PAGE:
AN old friend, who won the Military Cross as a young officer in the First War and was later appointed a Knight Grand Cross of the Royal Victorian Order (GCVO for short), recently at- tended a banquet given by the Loamshire County Cricket Club, of which he is the President. After- wards he sent me the name-card which marked his place at table. The calligrapher employed by the Loamshire CCC had done a remarkably hand- some job, but all those Cs must have gone to his head and he put in one too many. The end- product read :
Xt. Col. Ube 1.0t0 , AB.C. Praia /cut, 3Loamsbire C.C.C.
There is, I am sorry to say, a certain stratum in our society whose members, far less dynamic than they should be, waste a great deal of time and energy exchanging correspondence contain- ing nothing but private jokes, mock insults or sheer nonsense. My friend sent me this name- card. It was deplorable, he complained, how frequently people made elementary errors of this kind; fancy giving his George Cross prece- dence over his VC! Of course, it was under- standable in a way. The fact that he had saved St Paul's Cathedral from being blown to smithereens probably bulked larger in people's minds, these days, than his single-handed capture of the Hindenburg Line. Nevertheless . . . And so on.
'My dear Tim [I replied]
Thank you very much for your letter. What memories that slip of cardboard brings back! I was of course a mere schoolboy when you won the Victoria Cross, but I can remember to this day the opening words of the citation: "At great personal incon- venience, and despite the inclement weather prevailing, this officer . . ." Oddly enough, I cannot recall any details of the gallant act for which you received the decoration; but I was told later that while playing beggar-my-neighbour in a brothel you had won a great deal of money off your Colonel and that, after getting the VC, you showed characteristic magnanimity by tearing up his IOU.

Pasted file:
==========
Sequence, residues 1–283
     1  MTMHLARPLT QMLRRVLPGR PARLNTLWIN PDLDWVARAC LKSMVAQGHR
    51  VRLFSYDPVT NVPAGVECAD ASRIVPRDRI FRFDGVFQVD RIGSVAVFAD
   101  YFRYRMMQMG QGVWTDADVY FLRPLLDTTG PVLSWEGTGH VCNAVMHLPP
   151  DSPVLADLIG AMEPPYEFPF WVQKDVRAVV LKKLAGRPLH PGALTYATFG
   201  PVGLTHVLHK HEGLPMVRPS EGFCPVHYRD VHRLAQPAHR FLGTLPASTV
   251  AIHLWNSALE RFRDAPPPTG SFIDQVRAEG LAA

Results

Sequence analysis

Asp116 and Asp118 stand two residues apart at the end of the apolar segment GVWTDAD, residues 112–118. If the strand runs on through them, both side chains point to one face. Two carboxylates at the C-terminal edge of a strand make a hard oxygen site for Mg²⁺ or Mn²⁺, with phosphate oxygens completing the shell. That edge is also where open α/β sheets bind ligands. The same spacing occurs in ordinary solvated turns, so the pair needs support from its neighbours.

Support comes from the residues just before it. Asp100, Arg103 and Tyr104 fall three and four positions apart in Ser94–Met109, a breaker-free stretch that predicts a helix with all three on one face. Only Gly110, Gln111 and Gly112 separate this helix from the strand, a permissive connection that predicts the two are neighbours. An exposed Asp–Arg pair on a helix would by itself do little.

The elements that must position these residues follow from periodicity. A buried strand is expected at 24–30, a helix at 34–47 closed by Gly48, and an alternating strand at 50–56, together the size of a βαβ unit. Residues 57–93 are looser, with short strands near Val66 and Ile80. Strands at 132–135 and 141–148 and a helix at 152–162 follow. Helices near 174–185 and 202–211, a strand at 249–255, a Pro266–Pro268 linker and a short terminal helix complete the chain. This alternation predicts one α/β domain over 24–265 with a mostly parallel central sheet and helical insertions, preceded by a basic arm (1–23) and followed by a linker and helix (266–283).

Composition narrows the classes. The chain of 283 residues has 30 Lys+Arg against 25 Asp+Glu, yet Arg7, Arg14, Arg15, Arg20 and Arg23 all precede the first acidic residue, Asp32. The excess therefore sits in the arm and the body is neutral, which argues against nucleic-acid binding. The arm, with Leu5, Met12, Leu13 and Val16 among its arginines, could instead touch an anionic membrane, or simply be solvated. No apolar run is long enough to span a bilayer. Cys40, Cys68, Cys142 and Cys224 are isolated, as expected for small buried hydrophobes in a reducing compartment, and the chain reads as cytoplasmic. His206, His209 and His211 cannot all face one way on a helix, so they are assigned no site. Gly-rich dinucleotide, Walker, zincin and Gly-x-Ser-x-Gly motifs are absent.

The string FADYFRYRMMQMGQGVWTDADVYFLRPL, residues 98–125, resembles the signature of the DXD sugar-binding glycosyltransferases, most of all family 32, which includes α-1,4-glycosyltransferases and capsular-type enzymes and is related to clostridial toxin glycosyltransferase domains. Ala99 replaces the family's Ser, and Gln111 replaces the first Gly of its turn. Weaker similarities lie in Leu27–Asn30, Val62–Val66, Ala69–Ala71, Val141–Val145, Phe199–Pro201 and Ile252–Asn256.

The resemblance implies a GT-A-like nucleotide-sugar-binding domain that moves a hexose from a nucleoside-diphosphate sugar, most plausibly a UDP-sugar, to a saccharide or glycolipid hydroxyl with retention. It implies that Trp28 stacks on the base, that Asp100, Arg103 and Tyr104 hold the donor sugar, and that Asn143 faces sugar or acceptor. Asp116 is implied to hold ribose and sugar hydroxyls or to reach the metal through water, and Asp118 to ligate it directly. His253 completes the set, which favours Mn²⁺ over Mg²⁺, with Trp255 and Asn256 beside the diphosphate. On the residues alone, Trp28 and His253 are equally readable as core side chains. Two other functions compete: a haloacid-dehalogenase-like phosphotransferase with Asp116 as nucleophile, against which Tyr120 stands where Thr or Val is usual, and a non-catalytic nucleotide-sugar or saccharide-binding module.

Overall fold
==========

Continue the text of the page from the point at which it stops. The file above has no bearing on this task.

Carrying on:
With the exploit which won you the George Cross I am of course more familiar;
for it was from me—or to be strictly accurate from Guardsman Hipe, my soldier servant—that you borrowed the alarm-clock, without which you might have had some difficulty in convincing the CIGS and his en- tourage that one of the parcels delivered to his office on Christmas Eve 1939 contained an infernal machine. Once they heard it ticking the whole thing was a pushover which not even your frightful over-acting could jeopardise—all that fustian about "Stand back! I recognise von Sauerkraut's hand in this—the fiend incarnate! Now, gentlemen, I must ask you all to leave the room and proceed to the basement. I fancy I can deal with this Little Surprise Packet, ha! ha!" That citation mentioned "coolness, initiative and resource" and it wasn't far off the mark.'
In his reply my friend acknowledged the general accuracy of my recollections and added in a postscript: 'You once showed me a very pretty medal bestowed on you by the then Chinese Gov- ernment in the last war; it was called the Order of the Cloud and Banner. People occasionally ask me what you did to earn this decoration. I always reply that, even to those who do not know you as well as I do, the answer should be self-evident: you hoisted the white flag on an overcast after- noon. I take it this is in accordance with the facts?'
The fiend incarnate! A joke's a joke, but one can go too far. I shall send him the original citation, which is in Chinese.